The business case for gender diversity in leadership is compelling. I’ve updated it to include (more) recent studies linking diversity and financial performance.
A study two years ago suggested that having women on a team stimulates better results. A more recent study says, “Not so fast.” It suggests a deeper factor — the balance of yin (feminine) and yang (masculine) strengths.
Happy holidays from DifferenceWORKS! In the news today is so much about division, hatred and violence – between whites and blacks, have’s and have-not’s, Republicans and Democrats, and people of different faiths or religious beliefs. Difference does work. Diversity and inclusion drive better decisions and better bottom lines. We need our differences. Wouldn’t it be nice to love them?
In many parts of the world, women’s voices are suppressed. In our western culture, in particular in the U.S. corporate world, women’s voices are not “suppressed.” But they are often not fully heard. Why not? Let me suggest four challenges, with the hope that awareness can help us better hear women’s voices right here in the USA. The feminine style of speech sounds less confident. Women assert themselves only when they really know. Women get “talked over.” And women who do speak up face the “double bind.”
I periodically update the research that forms the business case for gender balance at the leadership level. Here is my latest update. I review studies showing the business benefit of diversity and inclusion generally. Gender diversity brings all these benefits and more.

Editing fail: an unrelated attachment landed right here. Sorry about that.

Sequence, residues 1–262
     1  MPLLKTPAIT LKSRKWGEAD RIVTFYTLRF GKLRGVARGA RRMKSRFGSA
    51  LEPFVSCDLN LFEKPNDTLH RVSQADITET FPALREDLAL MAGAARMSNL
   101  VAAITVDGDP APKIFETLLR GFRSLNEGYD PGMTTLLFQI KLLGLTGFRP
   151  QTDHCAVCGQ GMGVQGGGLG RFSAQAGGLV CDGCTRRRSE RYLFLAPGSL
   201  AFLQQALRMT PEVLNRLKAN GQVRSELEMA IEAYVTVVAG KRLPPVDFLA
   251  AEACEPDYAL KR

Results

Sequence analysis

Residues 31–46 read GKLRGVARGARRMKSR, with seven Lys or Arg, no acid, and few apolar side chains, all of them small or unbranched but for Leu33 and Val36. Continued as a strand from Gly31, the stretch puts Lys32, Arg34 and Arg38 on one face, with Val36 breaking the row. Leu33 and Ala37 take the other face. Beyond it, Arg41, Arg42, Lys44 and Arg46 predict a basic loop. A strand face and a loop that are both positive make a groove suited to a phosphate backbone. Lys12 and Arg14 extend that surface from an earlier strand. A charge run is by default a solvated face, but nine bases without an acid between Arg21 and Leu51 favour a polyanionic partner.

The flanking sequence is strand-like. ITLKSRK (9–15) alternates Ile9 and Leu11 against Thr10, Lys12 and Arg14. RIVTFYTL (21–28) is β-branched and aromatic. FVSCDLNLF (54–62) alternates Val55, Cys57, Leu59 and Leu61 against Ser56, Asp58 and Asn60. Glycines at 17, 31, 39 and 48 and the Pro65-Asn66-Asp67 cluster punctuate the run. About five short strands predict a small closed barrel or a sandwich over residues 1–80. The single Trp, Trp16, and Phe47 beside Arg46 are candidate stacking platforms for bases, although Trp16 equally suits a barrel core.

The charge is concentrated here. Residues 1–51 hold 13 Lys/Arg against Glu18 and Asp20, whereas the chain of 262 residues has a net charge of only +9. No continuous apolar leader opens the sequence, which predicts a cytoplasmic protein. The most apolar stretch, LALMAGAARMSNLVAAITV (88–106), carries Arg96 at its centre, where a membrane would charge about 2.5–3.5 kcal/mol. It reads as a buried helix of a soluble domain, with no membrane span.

Everyone knows that having women on a company’s board of directors is good for the company’s bottom line. Research shows that a critical mass of THREE women results in better corporate governance. Less likely to feel like an outsider, a woman is more likely to speak up and be heard when she is one of three. Good decisions and good results follow from a balance of feminine and masculine strengths. Knowing this, leaders should not be satisfied with one (token) woman. Yet a new study shows that, at the executive level, most companies have just one woman. They have “checked the box.” With only one woman, they may miss out on the value of true gender diversity.